“It would be germane to consider a variety of factors including the circumstances of adoption of the new principles, the reasons for its importance to the generality of States, the grounds for dissent, and the relevant position of the dissenting States. The degree to which new customary rules many be imposed on recalcitrant States will depend, and should depend, on the whole set of relevant circumstances.”
These three criteria will be now briefly examined.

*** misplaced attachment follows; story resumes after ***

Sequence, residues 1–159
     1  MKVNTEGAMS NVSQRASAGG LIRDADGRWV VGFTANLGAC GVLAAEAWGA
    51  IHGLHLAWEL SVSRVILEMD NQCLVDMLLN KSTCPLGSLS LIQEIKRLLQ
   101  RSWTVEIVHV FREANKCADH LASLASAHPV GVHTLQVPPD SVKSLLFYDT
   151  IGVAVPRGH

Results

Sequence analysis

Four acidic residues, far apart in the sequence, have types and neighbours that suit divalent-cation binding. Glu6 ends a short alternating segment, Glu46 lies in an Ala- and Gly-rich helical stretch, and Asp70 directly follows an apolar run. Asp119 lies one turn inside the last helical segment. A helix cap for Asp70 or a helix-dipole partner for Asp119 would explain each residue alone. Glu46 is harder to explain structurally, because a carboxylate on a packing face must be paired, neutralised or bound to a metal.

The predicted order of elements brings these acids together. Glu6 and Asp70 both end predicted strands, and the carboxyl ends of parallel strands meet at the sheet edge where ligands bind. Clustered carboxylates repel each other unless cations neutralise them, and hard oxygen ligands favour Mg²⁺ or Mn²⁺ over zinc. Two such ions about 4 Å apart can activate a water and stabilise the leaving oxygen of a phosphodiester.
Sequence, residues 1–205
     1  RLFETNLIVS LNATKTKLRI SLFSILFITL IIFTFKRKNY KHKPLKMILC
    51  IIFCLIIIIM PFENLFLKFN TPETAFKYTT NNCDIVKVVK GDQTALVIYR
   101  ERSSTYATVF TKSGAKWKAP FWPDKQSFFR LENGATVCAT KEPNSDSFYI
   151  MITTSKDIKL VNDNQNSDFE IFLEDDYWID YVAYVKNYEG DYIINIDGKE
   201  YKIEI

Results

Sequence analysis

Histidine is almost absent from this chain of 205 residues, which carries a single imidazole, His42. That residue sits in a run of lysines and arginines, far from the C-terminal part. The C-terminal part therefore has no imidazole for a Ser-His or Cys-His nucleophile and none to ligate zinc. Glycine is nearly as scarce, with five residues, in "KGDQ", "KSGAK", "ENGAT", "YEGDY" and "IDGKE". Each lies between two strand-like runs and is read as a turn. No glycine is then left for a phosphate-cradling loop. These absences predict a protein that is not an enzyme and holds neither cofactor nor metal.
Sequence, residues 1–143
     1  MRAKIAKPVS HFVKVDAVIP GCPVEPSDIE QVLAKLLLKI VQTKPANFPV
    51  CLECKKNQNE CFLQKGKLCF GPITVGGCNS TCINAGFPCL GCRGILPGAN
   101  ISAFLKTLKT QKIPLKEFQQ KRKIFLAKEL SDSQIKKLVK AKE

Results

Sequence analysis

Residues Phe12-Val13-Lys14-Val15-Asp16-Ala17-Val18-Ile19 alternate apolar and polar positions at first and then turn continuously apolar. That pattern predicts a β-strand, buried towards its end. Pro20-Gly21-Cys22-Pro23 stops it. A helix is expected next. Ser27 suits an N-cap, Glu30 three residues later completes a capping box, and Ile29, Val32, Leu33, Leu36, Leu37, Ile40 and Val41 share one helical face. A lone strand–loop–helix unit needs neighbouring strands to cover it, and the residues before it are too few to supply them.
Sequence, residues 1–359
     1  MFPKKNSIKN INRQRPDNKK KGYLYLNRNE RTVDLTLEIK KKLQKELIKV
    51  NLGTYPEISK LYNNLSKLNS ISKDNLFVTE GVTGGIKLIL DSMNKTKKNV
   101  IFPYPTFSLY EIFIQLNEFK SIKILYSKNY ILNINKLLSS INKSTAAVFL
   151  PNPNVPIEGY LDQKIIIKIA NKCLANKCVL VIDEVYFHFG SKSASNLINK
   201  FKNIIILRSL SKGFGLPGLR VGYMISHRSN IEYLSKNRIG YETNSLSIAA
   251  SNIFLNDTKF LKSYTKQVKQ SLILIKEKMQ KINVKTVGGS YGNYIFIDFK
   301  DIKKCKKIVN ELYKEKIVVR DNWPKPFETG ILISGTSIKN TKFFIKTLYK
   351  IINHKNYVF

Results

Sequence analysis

First, what are the circumstances of the adoption of customary rules? Some authors argue that custom rules have been imposed on developing States which have always rejected them (Sornarajah, p. 92-93). The better view is that while these rules may be “Western” in origin, they are not strictly “Western” in nature; they are truly universal. The fact that developing States are now signing BITs which typically contain the type of provisions they have historically rejected (such as the “Hull formula” on compensation for expropriation) clearly undermines the claim that customary rules have been imposed upon them. Moreover, recent empirical studies show that the same types of provision have also found their way in recent BITs entered into between developing States themselves. Thus, the content of these “South-South” BITs (representing 26% of the total number of BITs in 2008 according to UNCTAD, Recent Developments in International Investment Agreements (2007-June 2008) is therefore not significantly different from those other treaties entered into by developing States with developed States (UNCTAD, South-South Cooperation in International Investment Arrangements, p. 45). Since these rules represent universally-recognised values and are not biased against developing States, there are no reasons why any State should be allowed to opt out unilaterally from them.